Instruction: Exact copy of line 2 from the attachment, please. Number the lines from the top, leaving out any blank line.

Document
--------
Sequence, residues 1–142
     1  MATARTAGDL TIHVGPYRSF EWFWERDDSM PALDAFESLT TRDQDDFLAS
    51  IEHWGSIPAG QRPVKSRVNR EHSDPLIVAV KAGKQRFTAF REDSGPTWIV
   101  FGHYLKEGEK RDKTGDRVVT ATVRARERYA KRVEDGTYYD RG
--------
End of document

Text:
     1  MATARTAGDL TIHVGPYRSF EWFWERDDSM PALDAFESLT TRDQDDFLAS